Air power was the decisive factor during the fierce fight for the Indonesian islands. And the Dutch Air Force was hopelessly outnumbered, especially in the critical area of fighter – interceptors. The neutralist and pacifist view in the homeland prevailed too long and the necessary funds to re-arm were not made available until it was much too late.
By the time the Netherlands Purchasing Commission started negotiating in the US the only types they could find for sale were either obsolete or from second tier manufacturers. The Brewster Corporation was one of the latter. Nevertheless, the NPC ordered 72 ‘Buffaloes’ (as the type was called by the RAF) and they became the backbone of the Dutch Air Defence in Java and the other islands. It was another example of ‘too little, too late…’ The fighters started arriving during 1941 and deliveries were not completed when the Japanese attacked.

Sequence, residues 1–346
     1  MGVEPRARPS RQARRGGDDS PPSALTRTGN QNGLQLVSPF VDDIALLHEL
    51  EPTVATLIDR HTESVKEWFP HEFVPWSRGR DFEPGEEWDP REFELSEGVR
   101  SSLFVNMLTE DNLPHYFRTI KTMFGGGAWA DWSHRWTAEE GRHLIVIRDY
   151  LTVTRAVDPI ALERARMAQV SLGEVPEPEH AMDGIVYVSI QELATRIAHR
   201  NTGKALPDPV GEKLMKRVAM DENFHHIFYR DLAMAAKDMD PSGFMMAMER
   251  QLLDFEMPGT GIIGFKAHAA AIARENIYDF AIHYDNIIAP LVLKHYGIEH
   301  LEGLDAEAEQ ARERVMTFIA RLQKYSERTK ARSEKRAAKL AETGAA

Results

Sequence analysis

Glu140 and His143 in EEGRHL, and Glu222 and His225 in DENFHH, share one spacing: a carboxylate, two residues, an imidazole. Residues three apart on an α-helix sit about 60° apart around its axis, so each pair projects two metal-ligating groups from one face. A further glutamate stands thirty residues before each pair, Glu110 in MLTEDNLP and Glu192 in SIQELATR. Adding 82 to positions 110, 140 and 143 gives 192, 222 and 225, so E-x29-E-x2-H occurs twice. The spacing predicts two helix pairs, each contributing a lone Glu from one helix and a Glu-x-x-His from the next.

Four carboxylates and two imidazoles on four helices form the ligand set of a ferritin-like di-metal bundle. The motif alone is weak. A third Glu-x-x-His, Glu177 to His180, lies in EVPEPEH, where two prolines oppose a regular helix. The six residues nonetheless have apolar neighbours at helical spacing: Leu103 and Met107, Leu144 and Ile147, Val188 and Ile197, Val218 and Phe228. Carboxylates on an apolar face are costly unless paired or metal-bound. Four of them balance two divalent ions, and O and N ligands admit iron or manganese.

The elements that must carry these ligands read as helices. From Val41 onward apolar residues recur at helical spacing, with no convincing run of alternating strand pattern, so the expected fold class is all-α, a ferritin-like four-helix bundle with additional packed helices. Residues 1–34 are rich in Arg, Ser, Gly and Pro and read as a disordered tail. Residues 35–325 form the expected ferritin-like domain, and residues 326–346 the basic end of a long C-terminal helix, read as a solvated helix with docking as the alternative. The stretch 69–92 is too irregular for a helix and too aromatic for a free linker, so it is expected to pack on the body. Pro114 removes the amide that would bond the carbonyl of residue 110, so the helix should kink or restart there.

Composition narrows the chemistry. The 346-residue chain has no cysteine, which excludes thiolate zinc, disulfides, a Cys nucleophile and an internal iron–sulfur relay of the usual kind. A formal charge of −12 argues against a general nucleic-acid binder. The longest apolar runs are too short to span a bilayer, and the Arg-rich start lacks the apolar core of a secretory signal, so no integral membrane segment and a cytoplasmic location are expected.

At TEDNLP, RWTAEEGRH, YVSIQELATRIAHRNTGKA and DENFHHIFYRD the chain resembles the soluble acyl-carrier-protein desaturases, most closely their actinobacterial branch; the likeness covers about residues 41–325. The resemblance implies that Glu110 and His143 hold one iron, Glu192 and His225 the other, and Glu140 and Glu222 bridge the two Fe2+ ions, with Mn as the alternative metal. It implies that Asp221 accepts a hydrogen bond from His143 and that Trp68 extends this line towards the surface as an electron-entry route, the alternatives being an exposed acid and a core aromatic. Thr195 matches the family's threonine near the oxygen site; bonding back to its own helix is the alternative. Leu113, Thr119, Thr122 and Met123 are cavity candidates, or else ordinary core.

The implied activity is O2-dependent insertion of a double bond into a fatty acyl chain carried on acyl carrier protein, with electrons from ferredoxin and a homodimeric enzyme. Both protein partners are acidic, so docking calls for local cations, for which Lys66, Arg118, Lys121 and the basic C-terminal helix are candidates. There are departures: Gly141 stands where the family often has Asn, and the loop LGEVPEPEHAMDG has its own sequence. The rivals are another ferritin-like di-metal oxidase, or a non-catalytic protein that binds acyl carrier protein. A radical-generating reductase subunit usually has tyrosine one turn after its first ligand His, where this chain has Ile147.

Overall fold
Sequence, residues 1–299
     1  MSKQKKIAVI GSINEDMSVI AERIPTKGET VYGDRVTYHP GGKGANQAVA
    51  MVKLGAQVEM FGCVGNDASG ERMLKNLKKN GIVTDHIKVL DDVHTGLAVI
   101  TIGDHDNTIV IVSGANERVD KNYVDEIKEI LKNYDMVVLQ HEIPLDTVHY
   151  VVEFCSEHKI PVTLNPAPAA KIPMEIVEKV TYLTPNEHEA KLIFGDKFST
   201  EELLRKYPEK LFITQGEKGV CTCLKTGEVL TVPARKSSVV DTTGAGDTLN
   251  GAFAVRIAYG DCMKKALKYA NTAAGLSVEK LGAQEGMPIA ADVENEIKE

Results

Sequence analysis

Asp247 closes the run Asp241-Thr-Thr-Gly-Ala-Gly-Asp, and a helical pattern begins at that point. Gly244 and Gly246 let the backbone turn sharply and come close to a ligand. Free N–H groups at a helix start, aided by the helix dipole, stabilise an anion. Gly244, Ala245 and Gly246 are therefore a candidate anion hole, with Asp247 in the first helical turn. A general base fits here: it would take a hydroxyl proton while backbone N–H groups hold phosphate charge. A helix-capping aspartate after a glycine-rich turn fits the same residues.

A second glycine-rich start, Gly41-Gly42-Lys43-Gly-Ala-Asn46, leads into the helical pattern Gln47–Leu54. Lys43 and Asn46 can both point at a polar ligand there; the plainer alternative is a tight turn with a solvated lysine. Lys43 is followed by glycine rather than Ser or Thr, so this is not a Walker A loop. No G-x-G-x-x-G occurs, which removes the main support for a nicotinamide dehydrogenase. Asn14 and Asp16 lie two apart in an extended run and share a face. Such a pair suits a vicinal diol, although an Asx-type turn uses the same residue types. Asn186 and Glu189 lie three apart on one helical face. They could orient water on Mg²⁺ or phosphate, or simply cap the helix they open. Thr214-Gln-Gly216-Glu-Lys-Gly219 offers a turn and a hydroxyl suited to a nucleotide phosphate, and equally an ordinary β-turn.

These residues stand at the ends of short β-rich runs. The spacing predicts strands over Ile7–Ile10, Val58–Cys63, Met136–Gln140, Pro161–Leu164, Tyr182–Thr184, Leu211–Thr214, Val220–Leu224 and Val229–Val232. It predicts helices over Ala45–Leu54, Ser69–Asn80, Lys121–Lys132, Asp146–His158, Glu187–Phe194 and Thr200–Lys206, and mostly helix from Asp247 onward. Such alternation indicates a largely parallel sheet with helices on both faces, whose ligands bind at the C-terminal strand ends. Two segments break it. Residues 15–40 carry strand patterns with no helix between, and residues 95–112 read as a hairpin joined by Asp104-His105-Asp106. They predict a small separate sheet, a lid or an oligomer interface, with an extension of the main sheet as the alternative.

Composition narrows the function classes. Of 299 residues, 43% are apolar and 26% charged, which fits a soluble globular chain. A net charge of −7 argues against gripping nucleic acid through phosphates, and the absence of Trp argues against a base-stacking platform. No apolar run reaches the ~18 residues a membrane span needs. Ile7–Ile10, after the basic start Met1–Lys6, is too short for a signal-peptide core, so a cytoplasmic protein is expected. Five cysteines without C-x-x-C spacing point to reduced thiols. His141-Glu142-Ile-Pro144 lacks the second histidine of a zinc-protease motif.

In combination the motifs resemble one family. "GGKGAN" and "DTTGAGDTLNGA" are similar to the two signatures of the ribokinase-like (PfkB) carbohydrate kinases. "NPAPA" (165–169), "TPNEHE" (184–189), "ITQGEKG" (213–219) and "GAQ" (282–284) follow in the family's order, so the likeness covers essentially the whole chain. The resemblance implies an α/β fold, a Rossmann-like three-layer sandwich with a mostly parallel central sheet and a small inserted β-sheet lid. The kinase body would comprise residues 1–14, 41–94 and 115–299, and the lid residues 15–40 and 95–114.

Here is a compilation of newsreel pictures and footage from propaganda films that shows the Buffalo in action.
For a long time a discussion has been going on whether the Buffalo was a success or a failure as a fighter. Objectively speaking the plane was reasonably successful, despite a host of drawbacks that had nothing to do with the plane itself.
Read more about ‘The Buffalo Controversy’ on the Brewster Buffalo page